If a gecko is dehydrated, if its dorsal (back) skin is gently rubbed or pinched, the skin will stay in peaks like a small mountain range. It is essential that your gecko be properly hydrated. Always provide clean water, and mist the gecko once a night. If your home is on the dry side, you may need to mist again in the morning. In cases of extreme dehydration (possibly after shipping a gecko in warm weather), some keepers have recommended using unflavored Pedialyte (electrolyte drink for children) as a rehydrator. Even if your gecko looks dehydrated, never attempt to force-feed liquids without the help of a veterinarian, as you may choke your gecko.
A tail which is bent near the vent to one side, or up over the gecko's body, is called "floppy tail syndrome" (sometimes "FTS"). Formerly thought to be caused by a diet lacking in calcium, it is now generally believed that floppy tail is brought on instead by geckos sleeping face-down on branches or enclosure surfaces so their tail will flop over their heads, or perhaps a weakness in the genetic line compounded with sleeping face-down. While this is now not thought to be an indication of poor health, it can lead to hip problems. If you find your gecko is sleeping upside-down often, try lifting it off of the surface it's on and setting it on a more horizontal surface. Also, always make sure your gecko has plenty of items in its enclosure for its tail to wrap around as it sleeps.
A tail which is wavy or zig-zagged can be an indicator of dehydration, or an early indicator of a diet lacking in calcium. Proper calcium is crucial for the crestie's health, and if left unchecked, a calcium-poor diet can lead to metabolic bone disease (or MBD). Signs of MBD include swollen legs and a soft or "mushy" looking jaw, as well as an inability to adhere to surfaces (though this last may also be signs of an impending shed). This disease can lead to fragile or broken bones, so it is incredibly important to make sure your gecko is getting a proper diet. I recommend that a gecko which has suffered from - or is currently suffering from - MBD not be bred, especially in the case of the female.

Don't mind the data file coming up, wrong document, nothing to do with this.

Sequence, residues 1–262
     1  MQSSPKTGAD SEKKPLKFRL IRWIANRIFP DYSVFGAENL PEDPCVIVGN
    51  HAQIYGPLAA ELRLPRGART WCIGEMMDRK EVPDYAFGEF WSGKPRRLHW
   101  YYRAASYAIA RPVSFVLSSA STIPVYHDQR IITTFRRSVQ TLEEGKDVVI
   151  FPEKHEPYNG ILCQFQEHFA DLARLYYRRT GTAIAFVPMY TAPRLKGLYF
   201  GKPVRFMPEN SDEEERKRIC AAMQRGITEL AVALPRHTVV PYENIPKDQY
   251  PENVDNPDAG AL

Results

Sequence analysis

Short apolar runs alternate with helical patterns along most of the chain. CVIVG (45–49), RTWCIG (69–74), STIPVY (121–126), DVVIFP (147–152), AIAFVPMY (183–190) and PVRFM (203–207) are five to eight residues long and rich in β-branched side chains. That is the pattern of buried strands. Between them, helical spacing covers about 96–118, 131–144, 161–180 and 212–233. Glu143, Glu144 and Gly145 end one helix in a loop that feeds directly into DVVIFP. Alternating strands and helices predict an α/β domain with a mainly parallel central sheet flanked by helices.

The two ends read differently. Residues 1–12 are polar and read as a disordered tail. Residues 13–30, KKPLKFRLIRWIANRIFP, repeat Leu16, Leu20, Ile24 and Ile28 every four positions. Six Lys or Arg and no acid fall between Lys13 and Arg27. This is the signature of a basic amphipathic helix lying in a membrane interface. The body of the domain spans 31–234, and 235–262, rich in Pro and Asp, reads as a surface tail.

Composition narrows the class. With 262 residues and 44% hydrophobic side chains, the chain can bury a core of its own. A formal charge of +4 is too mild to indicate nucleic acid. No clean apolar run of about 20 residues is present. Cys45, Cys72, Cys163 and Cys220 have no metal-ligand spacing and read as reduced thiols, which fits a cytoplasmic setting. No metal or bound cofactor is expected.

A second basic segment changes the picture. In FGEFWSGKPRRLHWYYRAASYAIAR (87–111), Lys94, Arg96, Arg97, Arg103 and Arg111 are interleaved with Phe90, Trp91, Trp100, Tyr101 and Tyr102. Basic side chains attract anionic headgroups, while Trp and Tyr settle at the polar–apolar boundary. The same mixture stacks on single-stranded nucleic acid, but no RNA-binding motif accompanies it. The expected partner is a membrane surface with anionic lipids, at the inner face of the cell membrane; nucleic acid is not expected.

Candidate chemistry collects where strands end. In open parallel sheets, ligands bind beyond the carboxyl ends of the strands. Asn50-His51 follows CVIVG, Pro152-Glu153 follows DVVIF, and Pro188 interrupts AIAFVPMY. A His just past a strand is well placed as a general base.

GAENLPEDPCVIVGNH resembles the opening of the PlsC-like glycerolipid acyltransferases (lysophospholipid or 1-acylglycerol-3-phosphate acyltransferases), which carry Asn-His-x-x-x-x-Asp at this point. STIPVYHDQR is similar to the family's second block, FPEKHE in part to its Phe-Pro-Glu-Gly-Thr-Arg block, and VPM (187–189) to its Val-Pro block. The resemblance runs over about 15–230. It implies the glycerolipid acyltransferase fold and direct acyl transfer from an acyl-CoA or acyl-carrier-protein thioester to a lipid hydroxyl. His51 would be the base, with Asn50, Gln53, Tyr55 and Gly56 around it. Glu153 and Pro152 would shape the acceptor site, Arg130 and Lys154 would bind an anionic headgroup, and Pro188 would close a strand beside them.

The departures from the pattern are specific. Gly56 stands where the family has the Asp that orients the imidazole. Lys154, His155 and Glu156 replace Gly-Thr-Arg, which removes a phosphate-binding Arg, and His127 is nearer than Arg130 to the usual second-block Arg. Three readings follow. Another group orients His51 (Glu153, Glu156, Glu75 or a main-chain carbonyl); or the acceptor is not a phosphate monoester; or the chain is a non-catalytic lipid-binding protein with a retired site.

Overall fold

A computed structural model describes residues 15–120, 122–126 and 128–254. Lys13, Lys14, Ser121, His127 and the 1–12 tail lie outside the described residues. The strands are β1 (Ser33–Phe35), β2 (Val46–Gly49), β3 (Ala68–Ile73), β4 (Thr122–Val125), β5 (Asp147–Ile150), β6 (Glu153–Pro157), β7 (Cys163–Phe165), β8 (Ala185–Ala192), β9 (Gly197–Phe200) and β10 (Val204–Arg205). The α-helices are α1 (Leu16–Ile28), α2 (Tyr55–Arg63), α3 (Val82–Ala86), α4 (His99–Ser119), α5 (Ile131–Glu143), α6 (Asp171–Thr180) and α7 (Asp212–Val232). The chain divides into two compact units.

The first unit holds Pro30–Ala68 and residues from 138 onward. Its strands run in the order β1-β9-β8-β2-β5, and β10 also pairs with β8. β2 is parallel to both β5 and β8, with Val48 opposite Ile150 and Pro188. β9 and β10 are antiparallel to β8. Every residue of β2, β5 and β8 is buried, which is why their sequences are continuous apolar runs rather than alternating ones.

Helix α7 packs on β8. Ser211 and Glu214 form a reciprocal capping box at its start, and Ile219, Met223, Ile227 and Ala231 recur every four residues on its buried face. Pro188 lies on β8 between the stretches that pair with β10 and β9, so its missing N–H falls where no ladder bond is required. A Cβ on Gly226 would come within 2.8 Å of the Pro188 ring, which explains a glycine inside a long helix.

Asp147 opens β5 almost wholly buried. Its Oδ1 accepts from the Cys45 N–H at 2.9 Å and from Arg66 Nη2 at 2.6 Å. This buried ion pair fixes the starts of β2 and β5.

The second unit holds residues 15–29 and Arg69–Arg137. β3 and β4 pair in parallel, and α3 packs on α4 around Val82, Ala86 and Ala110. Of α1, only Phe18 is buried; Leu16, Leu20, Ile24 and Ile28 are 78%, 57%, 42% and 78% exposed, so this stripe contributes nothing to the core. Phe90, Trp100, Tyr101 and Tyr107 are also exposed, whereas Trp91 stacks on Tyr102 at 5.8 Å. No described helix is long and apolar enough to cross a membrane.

You can attempt to check your gecko's calcium stores by rubbing the sides of its mouth with your index finger and thumb. In some cases, this will encourage the gecko to open its mouth. You can prevent the gecko from closing its mouth entirely by using a cotton swab with the cotton removed from both ends. The calcium sacs appear as two tiny white "bags" in the back of the gecko's mouth. Sometimes, in adult male geckos, the calcium sacs may appear to be small. This is apparently normal, as males do not need as much calcium in reserve as females do; the calcium goes into creating the shells of eggs. Please be aware that continually manhandling the gecko's mouth open can cause the animal a lot of stress. You might check the calcium levels once or twice a breeding season if you are seeing an issue with egg calcification, but it isn't necessary to do so often.
There are a few currently-known parasites or diseases specific to crested geckos, but if you find your gecko is losing weight and acting much more sluggish than usual, it's worth your time to get it tested for Entamoeba invadens. Animals with E. invadens generally go downhill quite quickly so please speak to a vet if you see these symptoms.
Crested geckos may also suffer from pinworms, which can generally manifest in weight loss, lack of growth, and runny stool, as well as occasional worms visible in the stool. Again, it is suggested you speak to a vet if you are seeing these symptoms.